October 18, 2021
Identifying Recruiting Barriers for Students with Disabilities
In a world designed for people without disabilities, students with disabilities face structural barriers to recruitment success. You can more effectively recruit these students by identifying these barriers and taking steps to remove them.
Physical and Material Barriers
For students with disabilities impacting their movement, sight, or hearing, physical and material barriers can make full participation in recruiting impossible.
“I had talked to the company prior and I explained to them that I had a disability,” one student said in an interview with Veris Insights. “When I went to the interview, there was no elevator, you had to walk up and down the stairs. So right then and there, that was an immediate disqualification.”
Other examples of material barriers include:
- Inaccessible transportation to a job or interview location
- Small and unreadable print on business cards
- Information presented in audio-only format
- Inaccessible websites or online forms
- Interactive information (e.g. QR codes) only available in inaccessible formats
- Online assessments without consistently accessible versions
At the same time, many barriers preventing students with disabilities from fully engaging in campus recruiting are intangible or harder to notice by individuals without disabilities.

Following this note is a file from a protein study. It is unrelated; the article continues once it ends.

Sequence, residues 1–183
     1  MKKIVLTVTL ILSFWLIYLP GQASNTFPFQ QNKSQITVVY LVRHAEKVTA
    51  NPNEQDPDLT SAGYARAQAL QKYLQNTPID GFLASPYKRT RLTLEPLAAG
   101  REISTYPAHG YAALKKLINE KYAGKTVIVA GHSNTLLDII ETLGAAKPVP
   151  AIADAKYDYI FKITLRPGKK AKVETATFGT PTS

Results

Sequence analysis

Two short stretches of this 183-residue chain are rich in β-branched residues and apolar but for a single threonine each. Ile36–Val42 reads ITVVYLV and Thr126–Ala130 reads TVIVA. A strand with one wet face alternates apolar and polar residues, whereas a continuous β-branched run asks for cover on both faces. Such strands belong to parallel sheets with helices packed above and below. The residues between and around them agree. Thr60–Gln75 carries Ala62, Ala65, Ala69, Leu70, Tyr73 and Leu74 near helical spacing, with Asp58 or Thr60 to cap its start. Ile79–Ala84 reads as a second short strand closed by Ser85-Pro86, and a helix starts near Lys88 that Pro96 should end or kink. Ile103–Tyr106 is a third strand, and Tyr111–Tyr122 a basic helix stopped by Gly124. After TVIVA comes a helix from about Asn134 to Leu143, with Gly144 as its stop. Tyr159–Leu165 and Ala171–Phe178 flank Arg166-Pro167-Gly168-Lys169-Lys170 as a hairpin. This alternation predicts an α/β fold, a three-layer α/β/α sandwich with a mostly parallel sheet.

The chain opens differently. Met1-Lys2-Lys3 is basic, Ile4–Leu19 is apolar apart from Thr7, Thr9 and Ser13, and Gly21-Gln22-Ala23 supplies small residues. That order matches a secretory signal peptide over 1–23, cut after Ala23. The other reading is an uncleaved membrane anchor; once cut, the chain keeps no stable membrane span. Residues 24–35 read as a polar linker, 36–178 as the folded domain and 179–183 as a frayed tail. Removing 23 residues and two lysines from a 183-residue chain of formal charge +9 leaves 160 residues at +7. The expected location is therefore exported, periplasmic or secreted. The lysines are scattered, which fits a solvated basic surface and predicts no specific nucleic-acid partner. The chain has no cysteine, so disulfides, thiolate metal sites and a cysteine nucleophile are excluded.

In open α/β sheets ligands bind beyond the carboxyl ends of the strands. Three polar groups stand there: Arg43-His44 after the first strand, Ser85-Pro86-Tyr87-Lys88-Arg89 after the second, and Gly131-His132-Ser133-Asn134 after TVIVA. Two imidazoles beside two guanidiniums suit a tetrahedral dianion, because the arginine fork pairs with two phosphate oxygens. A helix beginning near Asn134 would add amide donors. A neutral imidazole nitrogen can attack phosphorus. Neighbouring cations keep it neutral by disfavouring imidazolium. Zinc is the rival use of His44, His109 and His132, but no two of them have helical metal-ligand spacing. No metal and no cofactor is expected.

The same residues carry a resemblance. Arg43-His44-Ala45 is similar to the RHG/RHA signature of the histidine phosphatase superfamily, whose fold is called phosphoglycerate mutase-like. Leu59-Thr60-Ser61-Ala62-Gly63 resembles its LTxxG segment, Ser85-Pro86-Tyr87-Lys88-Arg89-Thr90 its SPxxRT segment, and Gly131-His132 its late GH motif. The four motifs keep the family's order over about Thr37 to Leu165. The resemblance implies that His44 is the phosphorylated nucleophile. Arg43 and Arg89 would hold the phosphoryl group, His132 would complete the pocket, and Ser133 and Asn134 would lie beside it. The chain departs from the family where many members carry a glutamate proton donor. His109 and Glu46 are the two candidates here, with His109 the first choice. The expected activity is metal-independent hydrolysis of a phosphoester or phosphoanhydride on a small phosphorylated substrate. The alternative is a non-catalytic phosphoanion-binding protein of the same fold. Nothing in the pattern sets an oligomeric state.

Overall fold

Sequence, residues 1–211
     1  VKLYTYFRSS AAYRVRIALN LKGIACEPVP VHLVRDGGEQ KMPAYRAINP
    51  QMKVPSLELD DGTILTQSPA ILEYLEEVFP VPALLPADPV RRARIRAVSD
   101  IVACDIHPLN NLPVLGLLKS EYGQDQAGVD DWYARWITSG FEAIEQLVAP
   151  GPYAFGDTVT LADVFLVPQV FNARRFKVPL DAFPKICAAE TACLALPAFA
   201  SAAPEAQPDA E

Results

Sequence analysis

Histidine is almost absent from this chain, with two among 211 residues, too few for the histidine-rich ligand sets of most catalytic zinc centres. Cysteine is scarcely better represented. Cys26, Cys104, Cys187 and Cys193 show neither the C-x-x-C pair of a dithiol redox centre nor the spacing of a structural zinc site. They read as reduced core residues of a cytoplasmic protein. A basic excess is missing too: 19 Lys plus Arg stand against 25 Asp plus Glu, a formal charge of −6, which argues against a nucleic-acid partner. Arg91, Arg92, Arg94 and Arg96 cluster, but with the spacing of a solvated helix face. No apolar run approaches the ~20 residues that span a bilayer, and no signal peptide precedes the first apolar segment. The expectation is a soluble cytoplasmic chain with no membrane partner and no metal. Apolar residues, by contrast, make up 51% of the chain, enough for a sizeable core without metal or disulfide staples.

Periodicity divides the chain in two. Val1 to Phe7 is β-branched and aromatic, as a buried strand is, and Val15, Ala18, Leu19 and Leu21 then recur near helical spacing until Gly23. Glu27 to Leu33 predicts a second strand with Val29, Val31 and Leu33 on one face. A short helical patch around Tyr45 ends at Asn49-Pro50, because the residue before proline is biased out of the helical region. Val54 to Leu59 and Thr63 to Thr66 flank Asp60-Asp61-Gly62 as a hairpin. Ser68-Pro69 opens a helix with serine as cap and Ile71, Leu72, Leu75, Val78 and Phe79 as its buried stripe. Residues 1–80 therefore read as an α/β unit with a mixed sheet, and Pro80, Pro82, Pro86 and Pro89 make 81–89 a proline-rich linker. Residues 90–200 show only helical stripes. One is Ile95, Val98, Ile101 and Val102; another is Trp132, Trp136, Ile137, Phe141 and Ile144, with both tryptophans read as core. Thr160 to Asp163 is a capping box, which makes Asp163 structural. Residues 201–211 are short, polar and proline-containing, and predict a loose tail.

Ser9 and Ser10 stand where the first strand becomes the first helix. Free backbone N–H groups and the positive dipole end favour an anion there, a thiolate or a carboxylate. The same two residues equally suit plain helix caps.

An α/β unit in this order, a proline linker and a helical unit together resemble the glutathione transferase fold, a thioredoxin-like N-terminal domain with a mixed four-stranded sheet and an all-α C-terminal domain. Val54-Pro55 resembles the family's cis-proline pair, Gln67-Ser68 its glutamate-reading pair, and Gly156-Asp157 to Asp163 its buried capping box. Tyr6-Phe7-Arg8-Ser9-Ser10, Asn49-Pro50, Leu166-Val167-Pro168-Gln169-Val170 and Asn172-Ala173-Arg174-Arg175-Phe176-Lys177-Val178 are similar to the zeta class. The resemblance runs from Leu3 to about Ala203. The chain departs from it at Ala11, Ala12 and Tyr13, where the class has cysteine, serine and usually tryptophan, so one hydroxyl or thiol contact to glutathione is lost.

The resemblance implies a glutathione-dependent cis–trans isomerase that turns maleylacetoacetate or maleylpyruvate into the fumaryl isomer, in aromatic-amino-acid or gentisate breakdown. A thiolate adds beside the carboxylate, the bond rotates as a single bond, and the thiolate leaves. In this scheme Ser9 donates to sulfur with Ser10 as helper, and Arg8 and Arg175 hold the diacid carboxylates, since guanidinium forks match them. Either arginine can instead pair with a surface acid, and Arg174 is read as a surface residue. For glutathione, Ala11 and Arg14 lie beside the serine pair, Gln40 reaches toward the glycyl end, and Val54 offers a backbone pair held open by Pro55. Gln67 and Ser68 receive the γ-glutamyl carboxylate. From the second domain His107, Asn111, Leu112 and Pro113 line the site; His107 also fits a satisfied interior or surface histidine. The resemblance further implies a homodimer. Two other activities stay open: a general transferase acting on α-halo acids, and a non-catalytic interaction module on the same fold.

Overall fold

While these can impact students with physical or visible disabilities, they can also significantly impact students with invisible disabilities or neurodiverse students.
In interviews with Veris Insights, students with disabilities described encountering hiring practices that unintentionally screened for secondary skills that were unnecessary for job success.
For example, a neurodiverse student described their experience applying for jobs that had writing-intensive applications, but didn’t require writing skills for the actual role.
“There’s definitely a hurdle I feel … having to write a bunch of different short-answer questions in applications,” the student explained. “It was such a big roadblock for me … it’s not the best outlet for me to represent who I am.”
Ultimately, the student thrived when recruiting in person, where they could demonstrate their skills in a format that accommodated their neurodiversity.
Other intangible barriers to recruiting success include:
- Additional time to get processes in place for accommodations, or a “time tax”
- Lack of response to requests for accommodations
- AI scoring of assessments that may penalize physical or cognitive differences
Recognizing these barriers and how they prevent students with disabilities from fully engaging in recruiting is the first step towards creating a fully accessible, inclusive recruiting practice.